This Generation’s Stress and the Resilience Factor…
By Paul Shearstone
Who among us hasn’t had a conversation with a pre-baby-boomer
[senior] who didn’t take pleasure in pointing out that their
was made of sturdier stuff compared to ours?
“We never suffered from depression and stress!” they
accepted what was, sucked it up and soldiered on…. We never
time for ‘nothin’ else!... You kids today aren’t
as tough as we
Sound familiar? The important question then is, are they right?
At least on the surface, things like, stress and depression were
far less prevalent ‘back-in-the-day’ than in our time.
it because that generation suppressed their stress and tried not
to let it show? Was it, like divorce, something you just didn’t
do back then? …Maybe.
Did their generation have less stress to deal with than ours?
The current common belief is we are the most stressed generation
the world has ever produced but try convincing any WWI or WWII
Vet that they don’t know stress in all its ugly forms. They
do! Nevertheless, there are fundamental differences in the way
they and we handle the problem.
For example, we know today that PTSD [Post Traumatic
Stress Disorder] is real and emotionally devastating. In there
day, they called
it ‘Shell Shock’… and they also called it something
else — LMF
— which stood for LACK of MORAL FIBER.
It’s not up to me to say which generation’s approach
only to highlight the differences.
Another point pre-Boomers like to make is, our generation doesn’t
know how good we have it.
Senior: “In our day, we didn’t have money, we had
to make due.
We found ways to entertain ourselves and we were happy!”
Whether they were happy or not is debatable. The fact that they
had far less money than we, is not. So it is here, I believe,
we can put this fundamental difference under the microscope to
track and determine whether they may, in fact, be right and, how
something a simple as money, may be at the root of this generation’s
moral decay and its impact on the Resilience Factor.
The Baby Boom Generation
Fact: The 1980s ushered in the greatest increase in personal
wealth compared to any generation in the history of man.
Along with wealth and disposable income, came ‘Choice’.
the previous generation, Boomers suddenly had unlimited choices
to make because they could afford to — and they did. Boats,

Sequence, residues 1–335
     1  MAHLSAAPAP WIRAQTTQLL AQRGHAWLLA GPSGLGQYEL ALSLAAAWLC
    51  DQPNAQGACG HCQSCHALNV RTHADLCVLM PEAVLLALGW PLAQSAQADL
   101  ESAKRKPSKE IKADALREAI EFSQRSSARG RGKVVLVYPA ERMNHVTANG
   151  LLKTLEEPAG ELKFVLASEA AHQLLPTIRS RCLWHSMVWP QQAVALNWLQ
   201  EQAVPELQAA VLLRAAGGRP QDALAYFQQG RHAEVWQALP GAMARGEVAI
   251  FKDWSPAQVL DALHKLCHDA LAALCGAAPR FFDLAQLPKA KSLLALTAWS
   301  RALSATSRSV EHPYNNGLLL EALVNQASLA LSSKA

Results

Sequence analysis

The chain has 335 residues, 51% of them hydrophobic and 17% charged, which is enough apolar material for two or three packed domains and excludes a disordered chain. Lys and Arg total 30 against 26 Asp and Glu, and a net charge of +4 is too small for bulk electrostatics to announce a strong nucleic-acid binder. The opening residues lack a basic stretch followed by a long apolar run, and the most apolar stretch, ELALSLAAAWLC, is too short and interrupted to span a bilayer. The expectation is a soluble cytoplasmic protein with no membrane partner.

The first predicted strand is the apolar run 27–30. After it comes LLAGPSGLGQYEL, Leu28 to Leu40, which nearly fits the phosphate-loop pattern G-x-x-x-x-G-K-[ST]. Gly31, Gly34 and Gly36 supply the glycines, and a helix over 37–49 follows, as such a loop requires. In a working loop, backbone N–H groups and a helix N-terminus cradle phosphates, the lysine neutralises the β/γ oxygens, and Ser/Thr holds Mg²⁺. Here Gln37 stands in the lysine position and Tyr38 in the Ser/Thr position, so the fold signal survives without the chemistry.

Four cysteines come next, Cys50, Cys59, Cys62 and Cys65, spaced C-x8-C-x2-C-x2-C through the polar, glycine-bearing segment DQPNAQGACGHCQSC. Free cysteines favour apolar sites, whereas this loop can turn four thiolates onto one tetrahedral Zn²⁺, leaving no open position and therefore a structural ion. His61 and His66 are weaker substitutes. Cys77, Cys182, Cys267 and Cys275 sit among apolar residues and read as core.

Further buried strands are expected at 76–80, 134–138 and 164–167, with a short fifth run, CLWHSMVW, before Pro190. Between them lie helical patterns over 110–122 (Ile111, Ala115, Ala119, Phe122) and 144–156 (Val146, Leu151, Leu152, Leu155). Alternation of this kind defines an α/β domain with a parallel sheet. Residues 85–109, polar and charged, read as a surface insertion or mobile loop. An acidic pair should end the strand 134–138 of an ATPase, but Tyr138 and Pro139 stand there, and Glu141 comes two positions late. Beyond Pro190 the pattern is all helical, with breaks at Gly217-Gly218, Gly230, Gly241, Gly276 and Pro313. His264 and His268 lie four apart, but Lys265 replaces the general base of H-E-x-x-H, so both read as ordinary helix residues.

large homes and lavish lifestyles were all possible thanks to
New choices also allowed attitudes and behaviors to change. Boomers
no longer had to ‘make do’ or find ‘inexpensive
ways to entertain
themselves’. They could afford to do whatever they wanted
when they got tired or bored of that, they could simply do something
If things got a little too tough, Boomers could easily abandon
them and move on. Included in that were things like jobs, careers
and education. The move to convenience — away from challenge
discomfort — clearly demonstrated, the paradigm shift separating
the mindset between the Boomer generation and the one before.
The need to ‘suck it up and soldier on’ was no longer
Money took care of that.
Although the 1990s leveled the playing field a little, the die
was already cast for this generation’s new attitude. Even
had changed their way of thinking. Gone were the loyalties to
employees — once a given. If things weren’t the way
wanted it, change it, regardless of who or how many it affected.
Loyalty was only to be given to one’s self.
“There is a price to be paid for everything my son.” my
drill into me as a lad. “The scales always balance.”
It would appear the scales are indeed on the move. Statistics
Canada reported that in 1999, $12 Billion was spent on stress-related
illnesses and employee absenteeism. The New York Times reported
September 2004 the same problem was costing the USA $300 Billion
a year and in 2005 the UK estimated its annual costs to be in
excess of 12 Billion pounds. Although anyone could argue the accuracy
of these reports, what can’t be argued is whatever the correct
figure is… it’s BIG!
The bigger question, though, is why is it happening? Why are
so many people in this generation negatively affected and unable